• had not completed the main survey
  • identified as women
  • had completed, or were completing, formal education at college or university level relating to agriculture
  • gave consent to participate in the study
  • were not potential duplicate records (as per the main survey, based on IP address, age and agricultural education information, and farm description)

16 suspected duplicate records were removed from the alumni/student survey. Therefore, the data of 148 respondents in the alumni/student survey were taken forward to the analysis. As this is a smaller cohort than for the main survey, fewer statistically significant comparisons could be made (as per R Core team, 2016). There was considerable duplication in questions between the two surveys, allowing student and alumni responses to be presented alongside main survey responses.

Analysis

The analysis of these questionnaires used standard descriptive statistics and bivariate statistical tests. Some responses within the 'raw' data were logically recoded, and some new variables were created from the existing data before the statistical tests were carried out in the second part of the analysis. The following are examples:

  • within the 'age' variable in the main survey, for some analyses the "18 or under" and "19 - 25" responses were combined into one category of "25 or under", and "I prefer not to say" responses were excluded from the data (recoded as ' NA'). (Similar recoding was carried out in the alumni/student survey)
  • in the main survey, farm areas of "less than 2ha", "2-4.9ha" and "5-9.9ha" were recoded to a category of "less than 10ha", and the "I prefer not to say" responses were removed for some analyses
  • "Strongly agree" and "Agree" responses were combined to "Agree", and "Strongly disagree" and "Disagree" responses were simplified in a similar way
  • in the main survey, a variable was created to flag whether or not respondents lived within the crofting counties: defined within this research as the local authorities of Argyll and Bute, Highland, Moray, Na h-Eileanan Siar, Orkney and Shetland
  • in the alumni/student survey, a variable was created to classify respondents as either alumni or students, based on responses given on course completion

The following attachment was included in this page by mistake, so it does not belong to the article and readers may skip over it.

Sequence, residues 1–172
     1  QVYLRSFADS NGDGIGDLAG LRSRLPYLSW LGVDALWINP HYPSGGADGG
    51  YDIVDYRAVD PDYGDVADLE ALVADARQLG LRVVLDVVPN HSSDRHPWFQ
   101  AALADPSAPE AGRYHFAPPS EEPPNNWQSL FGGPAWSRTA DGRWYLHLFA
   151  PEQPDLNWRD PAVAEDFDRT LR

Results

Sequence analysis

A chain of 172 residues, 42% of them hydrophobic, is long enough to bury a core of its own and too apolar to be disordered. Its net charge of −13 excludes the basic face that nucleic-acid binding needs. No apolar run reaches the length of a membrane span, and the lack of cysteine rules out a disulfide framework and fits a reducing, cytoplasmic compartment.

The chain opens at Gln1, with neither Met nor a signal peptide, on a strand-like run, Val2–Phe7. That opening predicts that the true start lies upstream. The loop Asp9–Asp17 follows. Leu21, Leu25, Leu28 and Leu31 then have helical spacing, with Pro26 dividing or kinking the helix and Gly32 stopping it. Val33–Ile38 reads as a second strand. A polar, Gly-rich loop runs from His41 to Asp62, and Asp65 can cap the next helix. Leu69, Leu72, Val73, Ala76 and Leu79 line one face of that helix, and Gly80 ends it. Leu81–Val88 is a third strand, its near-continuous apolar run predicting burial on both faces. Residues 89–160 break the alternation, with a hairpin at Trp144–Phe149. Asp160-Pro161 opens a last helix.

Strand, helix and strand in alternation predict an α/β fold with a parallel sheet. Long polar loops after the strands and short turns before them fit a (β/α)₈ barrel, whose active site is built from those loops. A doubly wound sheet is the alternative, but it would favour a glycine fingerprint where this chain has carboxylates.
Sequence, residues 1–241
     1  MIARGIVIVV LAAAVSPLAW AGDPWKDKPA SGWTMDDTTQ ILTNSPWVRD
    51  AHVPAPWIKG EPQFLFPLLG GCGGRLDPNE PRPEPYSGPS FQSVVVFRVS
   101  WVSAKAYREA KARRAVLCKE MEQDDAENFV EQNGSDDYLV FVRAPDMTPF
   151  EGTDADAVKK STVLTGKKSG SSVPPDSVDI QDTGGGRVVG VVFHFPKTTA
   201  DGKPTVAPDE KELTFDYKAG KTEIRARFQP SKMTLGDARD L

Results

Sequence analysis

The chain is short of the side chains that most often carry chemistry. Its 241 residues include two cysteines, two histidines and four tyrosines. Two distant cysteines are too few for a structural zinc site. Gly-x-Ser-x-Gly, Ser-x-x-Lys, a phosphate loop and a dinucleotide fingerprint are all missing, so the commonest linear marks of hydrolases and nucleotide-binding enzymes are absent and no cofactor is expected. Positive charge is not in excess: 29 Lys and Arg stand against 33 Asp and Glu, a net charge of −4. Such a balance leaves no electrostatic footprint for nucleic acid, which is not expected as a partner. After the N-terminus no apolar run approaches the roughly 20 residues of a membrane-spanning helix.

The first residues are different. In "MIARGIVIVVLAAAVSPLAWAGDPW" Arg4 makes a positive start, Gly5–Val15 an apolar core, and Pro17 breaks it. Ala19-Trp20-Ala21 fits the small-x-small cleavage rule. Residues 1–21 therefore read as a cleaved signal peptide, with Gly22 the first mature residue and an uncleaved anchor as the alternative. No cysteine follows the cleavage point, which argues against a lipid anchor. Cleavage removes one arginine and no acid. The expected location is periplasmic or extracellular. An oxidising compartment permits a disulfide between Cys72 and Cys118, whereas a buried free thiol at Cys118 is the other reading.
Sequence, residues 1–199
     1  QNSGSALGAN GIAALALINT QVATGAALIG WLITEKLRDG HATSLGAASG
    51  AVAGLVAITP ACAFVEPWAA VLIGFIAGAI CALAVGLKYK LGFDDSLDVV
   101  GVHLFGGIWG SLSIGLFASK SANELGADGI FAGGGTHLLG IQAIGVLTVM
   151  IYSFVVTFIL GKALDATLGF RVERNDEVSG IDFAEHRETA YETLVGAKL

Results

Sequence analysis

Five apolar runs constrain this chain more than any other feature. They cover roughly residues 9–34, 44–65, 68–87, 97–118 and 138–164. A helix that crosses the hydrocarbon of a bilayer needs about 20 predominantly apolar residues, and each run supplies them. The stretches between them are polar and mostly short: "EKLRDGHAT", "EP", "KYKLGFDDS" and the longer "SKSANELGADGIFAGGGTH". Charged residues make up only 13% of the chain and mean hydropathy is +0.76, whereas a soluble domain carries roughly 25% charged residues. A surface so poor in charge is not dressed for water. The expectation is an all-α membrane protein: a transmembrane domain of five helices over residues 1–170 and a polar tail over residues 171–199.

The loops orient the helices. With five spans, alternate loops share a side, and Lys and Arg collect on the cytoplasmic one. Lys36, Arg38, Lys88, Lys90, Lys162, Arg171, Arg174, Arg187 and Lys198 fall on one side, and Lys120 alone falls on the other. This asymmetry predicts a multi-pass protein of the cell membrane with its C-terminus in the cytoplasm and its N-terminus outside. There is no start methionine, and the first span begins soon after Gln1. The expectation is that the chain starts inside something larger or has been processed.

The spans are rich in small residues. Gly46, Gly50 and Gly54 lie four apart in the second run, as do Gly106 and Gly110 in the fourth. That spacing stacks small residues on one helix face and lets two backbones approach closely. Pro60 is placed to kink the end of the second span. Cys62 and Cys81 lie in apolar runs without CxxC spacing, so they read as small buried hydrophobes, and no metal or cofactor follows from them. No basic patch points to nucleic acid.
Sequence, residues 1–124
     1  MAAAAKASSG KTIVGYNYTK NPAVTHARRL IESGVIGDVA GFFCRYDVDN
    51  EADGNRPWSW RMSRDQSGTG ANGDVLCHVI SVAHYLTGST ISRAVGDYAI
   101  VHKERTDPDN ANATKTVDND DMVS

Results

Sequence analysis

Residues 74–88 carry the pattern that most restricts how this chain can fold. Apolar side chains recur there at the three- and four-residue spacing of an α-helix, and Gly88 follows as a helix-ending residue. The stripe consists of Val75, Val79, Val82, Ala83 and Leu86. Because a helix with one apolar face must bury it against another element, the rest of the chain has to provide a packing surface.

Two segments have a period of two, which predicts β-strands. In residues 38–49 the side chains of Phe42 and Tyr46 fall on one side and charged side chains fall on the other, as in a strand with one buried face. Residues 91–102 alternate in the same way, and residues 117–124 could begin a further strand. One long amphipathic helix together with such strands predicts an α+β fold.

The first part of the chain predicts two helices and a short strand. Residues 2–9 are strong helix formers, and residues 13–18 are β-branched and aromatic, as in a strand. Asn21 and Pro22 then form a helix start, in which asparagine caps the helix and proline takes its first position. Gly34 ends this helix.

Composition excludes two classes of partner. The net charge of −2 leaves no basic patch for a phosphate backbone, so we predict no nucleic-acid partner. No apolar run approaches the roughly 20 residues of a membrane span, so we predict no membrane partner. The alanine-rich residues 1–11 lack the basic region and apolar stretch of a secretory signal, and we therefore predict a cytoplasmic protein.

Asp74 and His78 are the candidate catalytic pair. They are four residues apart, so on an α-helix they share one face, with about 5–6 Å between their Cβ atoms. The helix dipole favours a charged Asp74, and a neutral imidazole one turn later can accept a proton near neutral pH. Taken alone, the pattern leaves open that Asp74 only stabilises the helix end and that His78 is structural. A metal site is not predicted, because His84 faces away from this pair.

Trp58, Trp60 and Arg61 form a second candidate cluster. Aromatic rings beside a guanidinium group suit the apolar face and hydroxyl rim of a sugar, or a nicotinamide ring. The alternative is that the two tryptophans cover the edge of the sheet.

From the two surveys, all variables of interest were identified. To give an overview of the characteristics of all respondents, descriptive statistics ( e.g. a breakdown of responses to questions) were produced. The total number of responses on which these figures were based depended on the structure of the questions within the online survey, and for some questions, respondents could select more than one response option. Next, for variables which were particularly important to the research questions and themes which developed from the research (three examples of these from the main survey were age, farm area and 'new entrant' status), cross-table analysis and bivariate tests [2] were used to assess whether these variables were significantly associated (at the 95% confidence level) with other variables (in both surveys).

Analysis of the main survey demonstrates a spread of geographical and socio-demographic coverage: respondents were from all Scotland's census regions, all age categories (from 18 and under to 65+), and all educational achievement levels. However, there does appear to be lower representation amongst older respondents: the 55 to 64 age category contained only 15% of respondents and the 65 and over category 4.7%. This is to be expected in on-line surveys (It has been well demonstrated in the academic literature, e.g. Pocewicz et al., 2012, that older people are less likely to respond to an internet-based survey). However, owing to the high number of survey respondents, it is still possible to statistically analyse for age-related differences ( i.e. the 53 women over the age of 65 who completed the survey represent a sizeable cohort).

The student and alumni survey elicited responses from 26 Scottish regions, Northern Ireland, England, and internationally, ranging in age from 25 and under (25%) to 65 and over (1.4%). Approximately 75% of respondents to the student and alumni responses were alumni.